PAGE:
RHP, Joey Maher: Last year's 38th round pick out of high school didn't have a great statistical year in his debut season with the Gulf Coast League Yankees in 2012, posting a 5.64 ERA and allowing a .308 batting average. Don't let the stats fool you, he has some significant upside. At 6-foot-5, he throws a very good sinking fastball with excellent downward plane and his curveball dramatically improved over the course of the year. A ground ball pitcher, his numbers are likely to improve as he moves up the minor league ladder and has better defensive players playing behind him.
UT, Kevin Mahoney: The former 23rd round pick has a lot going for him; he can play third base extremely well, second base very well, a solid first base, and even some outfield if need be, and he has a nice combination of some left-handed power and the ability to draw some walks. He was an Eastern League All Star for the Double-A Trenton Thunder after clubbing 29 extra-base hits in limited duty. Don't be surprised if he gets a shot at a potential bench role for the Yankees someday because he can really play defense and he can run into a few balls at the plate.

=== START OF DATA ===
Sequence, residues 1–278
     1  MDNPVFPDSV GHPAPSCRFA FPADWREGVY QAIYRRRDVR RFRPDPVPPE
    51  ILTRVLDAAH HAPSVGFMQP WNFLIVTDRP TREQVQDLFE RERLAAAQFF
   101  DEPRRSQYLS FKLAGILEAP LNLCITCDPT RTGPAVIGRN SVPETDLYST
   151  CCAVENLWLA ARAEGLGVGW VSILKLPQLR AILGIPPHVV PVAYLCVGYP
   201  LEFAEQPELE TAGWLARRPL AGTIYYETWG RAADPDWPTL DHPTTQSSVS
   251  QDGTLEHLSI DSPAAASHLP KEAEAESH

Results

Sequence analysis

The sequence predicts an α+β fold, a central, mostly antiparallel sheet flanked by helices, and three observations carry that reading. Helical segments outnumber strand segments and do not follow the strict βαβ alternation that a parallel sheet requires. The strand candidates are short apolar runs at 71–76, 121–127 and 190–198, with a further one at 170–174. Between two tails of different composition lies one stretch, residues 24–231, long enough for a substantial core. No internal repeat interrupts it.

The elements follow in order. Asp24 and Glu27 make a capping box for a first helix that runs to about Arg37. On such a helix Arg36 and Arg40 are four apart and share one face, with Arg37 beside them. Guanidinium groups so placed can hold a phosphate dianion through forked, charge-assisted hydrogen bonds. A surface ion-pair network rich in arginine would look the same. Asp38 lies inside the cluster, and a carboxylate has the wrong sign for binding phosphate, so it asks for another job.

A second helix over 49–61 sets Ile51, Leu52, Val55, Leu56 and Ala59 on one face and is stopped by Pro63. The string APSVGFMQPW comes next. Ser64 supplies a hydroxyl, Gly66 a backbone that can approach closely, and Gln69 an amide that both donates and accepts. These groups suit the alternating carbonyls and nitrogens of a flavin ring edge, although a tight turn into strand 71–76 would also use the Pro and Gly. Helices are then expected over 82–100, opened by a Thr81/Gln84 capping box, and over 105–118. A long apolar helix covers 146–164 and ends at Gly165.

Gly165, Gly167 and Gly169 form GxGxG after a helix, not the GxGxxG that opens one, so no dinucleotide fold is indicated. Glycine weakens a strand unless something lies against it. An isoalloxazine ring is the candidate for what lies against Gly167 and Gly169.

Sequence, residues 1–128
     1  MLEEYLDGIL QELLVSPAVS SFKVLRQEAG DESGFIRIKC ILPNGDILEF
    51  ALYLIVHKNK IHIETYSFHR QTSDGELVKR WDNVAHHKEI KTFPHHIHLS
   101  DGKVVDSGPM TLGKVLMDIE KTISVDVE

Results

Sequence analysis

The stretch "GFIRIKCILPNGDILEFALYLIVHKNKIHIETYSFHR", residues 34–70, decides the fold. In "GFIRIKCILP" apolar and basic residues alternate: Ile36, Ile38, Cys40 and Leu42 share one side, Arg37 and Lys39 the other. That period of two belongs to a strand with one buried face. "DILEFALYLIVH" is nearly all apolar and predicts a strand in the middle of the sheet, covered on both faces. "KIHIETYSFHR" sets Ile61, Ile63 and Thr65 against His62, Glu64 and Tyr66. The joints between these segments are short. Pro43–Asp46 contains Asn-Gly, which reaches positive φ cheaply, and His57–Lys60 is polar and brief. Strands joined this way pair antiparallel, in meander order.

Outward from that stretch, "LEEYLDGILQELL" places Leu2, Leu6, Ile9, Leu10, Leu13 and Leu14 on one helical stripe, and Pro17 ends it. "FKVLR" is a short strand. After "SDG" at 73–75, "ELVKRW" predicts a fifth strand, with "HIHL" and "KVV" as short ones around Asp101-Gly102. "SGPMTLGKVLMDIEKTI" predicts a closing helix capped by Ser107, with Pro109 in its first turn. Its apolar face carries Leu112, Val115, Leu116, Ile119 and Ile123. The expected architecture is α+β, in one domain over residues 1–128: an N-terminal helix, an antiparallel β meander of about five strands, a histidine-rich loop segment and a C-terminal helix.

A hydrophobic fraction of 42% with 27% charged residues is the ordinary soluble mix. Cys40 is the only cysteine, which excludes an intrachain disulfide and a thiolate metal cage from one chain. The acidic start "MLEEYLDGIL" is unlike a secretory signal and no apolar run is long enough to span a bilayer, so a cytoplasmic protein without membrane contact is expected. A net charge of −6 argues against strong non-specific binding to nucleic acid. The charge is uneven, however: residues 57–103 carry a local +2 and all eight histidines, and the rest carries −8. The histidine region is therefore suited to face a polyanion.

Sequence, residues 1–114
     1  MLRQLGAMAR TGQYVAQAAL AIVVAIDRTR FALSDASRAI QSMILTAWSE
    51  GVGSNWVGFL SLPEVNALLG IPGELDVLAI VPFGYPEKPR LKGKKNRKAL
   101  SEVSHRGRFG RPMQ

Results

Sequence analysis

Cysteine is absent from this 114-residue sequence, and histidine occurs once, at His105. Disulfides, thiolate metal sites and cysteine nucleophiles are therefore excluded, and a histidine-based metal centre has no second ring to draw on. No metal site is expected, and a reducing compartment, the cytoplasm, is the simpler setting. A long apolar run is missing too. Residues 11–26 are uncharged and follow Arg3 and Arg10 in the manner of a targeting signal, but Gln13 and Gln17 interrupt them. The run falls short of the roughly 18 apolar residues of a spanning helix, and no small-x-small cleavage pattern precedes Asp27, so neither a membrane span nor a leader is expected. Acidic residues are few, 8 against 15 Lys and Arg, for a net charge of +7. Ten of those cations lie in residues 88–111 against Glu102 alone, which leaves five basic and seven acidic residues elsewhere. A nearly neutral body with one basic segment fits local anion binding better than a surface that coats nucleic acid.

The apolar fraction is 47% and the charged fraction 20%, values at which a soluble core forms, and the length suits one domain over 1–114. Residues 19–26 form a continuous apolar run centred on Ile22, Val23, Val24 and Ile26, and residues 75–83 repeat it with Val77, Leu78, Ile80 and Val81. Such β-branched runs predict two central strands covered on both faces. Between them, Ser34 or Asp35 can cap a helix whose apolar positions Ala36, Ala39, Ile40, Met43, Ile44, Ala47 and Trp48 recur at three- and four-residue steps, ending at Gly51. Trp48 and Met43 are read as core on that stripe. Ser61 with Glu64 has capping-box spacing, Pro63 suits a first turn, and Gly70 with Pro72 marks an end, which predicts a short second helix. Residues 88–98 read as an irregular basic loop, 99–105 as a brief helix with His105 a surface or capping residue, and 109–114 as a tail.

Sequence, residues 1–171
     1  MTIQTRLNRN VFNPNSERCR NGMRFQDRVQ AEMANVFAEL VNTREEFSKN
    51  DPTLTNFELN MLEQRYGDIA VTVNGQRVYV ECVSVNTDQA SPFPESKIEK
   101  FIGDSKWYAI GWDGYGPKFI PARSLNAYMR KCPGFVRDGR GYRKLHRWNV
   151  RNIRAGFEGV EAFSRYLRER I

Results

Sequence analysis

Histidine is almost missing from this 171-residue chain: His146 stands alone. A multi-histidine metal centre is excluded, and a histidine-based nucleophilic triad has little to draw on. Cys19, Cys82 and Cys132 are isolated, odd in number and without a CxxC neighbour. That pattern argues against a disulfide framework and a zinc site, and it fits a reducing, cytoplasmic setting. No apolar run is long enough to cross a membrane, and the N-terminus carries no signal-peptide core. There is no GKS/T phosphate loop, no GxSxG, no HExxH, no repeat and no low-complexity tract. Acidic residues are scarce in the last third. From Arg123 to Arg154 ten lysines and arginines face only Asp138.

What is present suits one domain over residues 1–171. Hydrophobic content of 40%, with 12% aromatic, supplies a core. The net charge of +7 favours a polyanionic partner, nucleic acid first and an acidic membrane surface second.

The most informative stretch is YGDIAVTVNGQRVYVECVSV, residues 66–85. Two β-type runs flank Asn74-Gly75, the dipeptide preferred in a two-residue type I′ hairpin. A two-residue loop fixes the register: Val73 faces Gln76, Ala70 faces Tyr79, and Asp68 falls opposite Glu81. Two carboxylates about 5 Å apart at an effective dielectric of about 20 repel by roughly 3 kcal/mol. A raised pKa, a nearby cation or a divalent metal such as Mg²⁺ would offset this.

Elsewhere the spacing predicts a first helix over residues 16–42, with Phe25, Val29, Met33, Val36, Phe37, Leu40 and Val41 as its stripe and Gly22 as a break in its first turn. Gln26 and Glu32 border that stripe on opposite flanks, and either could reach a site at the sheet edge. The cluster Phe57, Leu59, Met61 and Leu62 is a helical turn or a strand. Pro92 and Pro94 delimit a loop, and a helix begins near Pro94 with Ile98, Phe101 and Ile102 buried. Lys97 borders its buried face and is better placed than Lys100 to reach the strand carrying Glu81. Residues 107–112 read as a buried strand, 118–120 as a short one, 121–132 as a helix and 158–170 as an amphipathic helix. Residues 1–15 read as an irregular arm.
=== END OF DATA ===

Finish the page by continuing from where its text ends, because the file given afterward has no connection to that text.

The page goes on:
RHP, Taylor Morton: Nobody had as big a regression development-wise as Morton had in 2012. He posted a disastrous 9.13 ERA in six games for the Staten Island Yankees. Throw his season out entirely because he's vastly more talented than the numbers suggest. He was one of the best pitchers in Spring Training this year and when he's going right he sits 90-95 mph with his fastball and showcases a plus changeup and a developing slider. He's already one of the favorites for 'comeback player of the year' down on the farm in 2013 -- he's just too talented not to turn things around.
UT, Ronnier Mustelier: At 28 years old he doesn't really profile as a prospect, but the Cuban native can flat-out hit! He batted a combined .314 with 45 extra-base hits between Double-A Trenton and Triple-A Scranton, posting an .859 OPS along the way. That's the good news. The bad news is he's listed at a generous 5-foot-10 and he doesn't have a real defensive position. He can play second base, third base, and left field, but none of them particularly well. He could, however, be a productive bat off of a big league bench if given the opportunity.